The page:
The RESCUE (REtrospective and prospective observational Study to investigate Clinical outcomes and Efficacy of left ventricular assist device for Korean patients with cardiogenic shock; NCT02985008 at www.clinicaltrials.gov) study is a multicenter, retrospective and prospective registry of patients with CS. Between January 2014 and December 2018, 1,247 consecutive patients with CS (954 enrolled retrospectively and 293 enrolled prospectively) were recruited from 12 tertiary centers in the Republic of Korea. More detailed information about prospective and retrospective enrollment at each institute is shown in Additional file 1: Table S1. The inclusion criteria were as follows: (1) age ≥ 19 years, (2) systolic blood pressure < 90 mmHg for 30 min or need for inotrope or vasopressor support to achieve systolic blood pressure > 90 mmHg, and (3) presence of pulmonary congestion and signs of impaired organ perfusion (altered mental status, cold periphery, oliguria < 0.5 mL/kg/hour for the previous six hours, or blood lactate > 2.0 mmol/L) . Major exclusion criteria were out-of-hospital cardiac arrest, other causes of shock (hypovolemic or septic shock), and refusal of active treatment . For the present study, we excluded those who died within 24 h of admission and those for whom serial lactate level was unavailable. Finally, 628 patients were divided into two groups according to 24 h lactate clearance ≥ 64% (the cut-off value of the study population, determined 24 h after initiation of shock treatment) or not (Fig. 1). The study protocol was approved by the institutional review board (IRB) of each hospital, and the study was conducted according to the principals of the Declaration of Helsinki. The IRBs of the participating hospitals waived the requirement for informed consent for retrospectively enrolled patients, and all prospectively enrolled patients provided written informed consent before enrollment.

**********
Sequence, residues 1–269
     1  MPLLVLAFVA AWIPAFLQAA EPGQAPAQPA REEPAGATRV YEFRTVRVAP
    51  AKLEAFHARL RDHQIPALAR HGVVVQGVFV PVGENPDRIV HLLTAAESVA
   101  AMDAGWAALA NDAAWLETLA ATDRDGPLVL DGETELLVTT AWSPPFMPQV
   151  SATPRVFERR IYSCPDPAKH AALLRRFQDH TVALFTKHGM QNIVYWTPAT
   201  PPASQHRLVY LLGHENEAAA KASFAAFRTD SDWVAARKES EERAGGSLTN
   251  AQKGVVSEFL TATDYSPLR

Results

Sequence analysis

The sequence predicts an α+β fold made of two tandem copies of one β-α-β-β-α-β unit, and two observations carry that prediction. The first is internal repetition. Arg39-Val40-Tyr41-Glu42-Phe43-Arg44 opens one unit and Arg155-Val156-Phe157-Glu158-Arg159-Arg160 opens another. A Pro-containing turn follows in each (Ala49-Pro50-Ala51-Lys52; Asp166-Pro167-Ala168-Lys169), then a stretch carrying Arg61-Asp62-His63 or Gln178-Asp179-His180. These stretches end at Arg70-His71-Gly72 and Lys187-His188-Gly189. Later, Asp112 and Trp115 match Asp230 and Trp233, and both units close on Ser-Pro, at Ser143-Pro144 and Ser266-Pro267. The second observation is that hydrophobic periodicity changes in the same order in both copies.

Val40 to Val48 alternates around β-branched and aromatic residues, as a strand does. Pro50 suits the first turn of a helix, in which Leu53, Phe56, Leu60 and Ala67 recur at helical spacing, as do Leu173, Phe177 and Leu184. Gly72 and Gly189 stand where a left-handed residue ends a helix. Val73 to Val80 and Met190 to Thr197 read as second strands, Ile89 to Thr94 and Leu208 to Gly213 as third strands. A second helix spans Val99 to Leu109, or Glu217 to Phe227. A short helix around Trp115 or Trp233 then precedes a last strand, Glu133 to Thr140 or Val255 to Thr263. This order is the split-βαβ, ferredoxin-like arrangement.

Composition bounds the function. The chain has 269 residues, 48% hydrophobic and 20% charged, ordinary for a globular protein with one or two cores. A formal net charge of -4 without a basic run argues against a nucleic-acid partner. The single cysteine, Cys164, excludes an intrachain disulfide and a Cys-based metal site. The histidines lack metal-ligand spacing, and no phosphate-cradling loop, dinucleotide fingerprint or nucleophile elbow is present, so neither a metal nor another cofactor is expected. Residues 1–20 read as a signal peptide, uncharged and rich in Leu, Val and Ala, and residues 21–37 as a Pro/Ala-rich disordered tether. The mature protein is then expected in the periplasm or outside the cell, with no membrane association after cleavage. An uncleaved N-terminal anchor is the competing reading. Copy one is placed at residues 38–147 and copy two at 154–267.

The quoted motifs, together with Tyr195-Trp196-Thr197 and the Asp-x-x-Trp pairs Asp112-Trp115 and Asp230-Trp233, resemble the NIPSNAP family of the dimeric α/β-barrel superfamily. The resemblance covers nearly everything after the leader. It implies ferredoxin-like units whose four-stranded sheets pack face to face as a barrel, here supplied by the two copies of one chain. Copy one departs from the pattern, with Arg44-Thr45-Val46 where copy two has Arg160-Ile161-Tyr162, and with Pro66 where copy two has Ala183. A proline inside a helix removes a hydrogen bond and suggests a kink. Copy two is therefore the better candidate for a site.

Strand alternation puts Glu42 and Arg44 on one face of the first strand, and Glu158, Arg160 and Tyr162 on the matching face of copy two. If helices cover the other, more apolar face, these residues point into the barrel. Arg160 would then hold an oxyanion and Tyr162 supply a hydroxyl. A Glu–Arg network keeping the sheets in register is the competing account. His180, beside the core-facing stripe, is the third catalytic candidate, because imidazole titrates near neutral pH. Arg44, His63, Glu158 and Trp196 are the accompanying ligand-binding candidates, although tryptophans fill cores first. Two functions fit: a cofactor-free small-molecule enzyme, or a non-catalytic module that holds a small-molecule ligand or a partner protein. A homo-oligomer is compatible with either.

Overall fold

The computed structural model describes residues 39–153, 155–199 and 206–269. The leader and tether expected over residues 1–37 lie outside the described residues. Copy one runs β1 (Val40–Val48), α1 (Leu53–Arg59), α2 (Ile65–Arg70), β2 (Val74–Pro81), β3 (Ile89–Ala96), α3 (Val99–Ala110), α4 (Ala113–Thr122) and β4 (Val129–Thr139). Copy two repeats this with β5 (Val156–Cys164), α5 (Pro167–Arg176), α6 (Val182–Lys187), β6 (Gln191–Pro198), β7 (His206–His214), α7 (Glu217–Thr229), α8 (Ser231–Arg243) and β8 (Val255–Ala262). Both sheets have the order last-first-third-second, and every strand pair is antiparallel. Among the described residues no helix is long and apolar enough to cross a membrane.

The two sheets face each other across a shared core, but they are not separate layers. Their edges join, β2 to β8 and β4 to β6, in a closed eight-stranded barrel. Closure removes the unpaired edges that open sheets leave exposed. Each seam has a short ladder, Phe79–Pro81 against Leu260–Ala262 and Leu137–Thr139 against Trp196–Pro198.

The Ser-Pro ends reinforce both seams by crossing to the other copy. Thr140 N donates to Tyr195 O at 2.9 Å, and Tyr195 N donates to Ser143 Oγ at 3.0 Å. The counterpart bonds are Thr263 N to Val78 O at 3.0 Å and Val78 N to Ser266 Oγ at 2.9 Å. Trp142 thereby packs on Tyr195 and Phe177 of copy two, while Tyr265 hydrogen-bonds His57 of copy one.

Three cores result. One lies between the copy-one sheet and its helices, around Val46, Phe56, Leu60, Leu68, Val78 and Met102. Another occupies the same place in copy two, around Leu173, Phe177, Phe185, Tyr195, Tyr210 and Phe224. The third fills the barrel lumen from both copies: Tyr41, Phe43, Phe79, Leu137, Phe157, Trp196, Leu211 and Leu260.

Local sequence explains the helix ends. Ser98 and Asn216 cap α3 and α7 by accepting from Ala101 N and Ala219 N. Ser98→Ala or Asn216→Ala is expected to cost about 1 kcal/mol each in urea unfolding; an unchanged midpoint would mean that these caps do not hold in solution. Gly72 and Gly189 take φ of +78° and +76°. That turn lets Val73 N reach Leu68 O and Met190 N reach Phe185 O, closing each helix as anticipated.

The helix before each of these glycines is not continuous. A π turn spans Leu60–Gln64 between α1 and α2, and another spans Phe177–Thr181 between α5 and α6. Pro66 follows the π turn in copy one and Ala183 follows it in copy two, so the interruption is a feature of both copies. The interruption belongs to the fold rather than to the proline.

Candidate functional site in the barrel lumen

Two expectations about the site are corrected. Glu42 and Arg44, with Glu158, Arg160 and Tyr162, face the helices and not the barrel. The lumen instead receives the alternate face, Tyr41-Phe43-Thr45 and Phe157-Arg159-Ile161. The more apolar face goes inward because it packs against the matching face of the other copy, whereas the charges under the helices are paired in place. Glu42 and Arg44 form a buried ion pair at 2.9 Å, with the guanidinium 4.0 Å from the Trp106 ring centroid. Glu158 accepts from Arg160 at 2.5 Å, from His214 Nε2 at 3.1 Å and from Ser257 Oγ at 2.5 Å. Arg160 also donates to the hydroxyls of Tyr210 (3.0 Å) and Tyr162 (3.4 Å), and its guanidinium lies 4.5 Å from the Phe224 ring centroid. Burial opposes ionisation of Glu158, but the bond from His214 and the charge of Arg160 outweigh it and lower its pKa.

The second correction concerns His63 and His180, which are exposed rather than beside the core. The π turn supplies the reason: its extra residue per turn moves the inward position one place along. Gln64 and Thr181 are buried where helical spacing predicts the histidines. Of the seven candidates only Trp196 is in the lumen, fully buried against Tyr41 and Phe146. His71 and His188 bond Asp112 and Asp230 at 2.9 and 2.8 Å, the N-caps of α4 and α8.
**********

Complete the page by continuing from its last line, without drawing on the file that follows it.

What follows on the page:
Data collection and study outcomes
For the RESCUE registry, information about patient demographics, in-hospital management, laboratory data, procedural data, and outcomes was collected by independent clinical research coordinators via web-based case report forms. Additional information was obtained by further inquiry into medical records or telephone contact, if necessary . Laboratory findings, such as serum creatinine and hemoglobin, exhibiting the worst values in the 24 h after initiation of shock treatment were collected. The primary outcome was in-hospital mortality, and the secondary outcome was all-cause mortality during 12 months of follow-up. We also analyzed the prognostic performance of 24 h lactate clearance according to initial serum lactate level > 5 mmol/L or not .
Lactate measurement and lactate clearance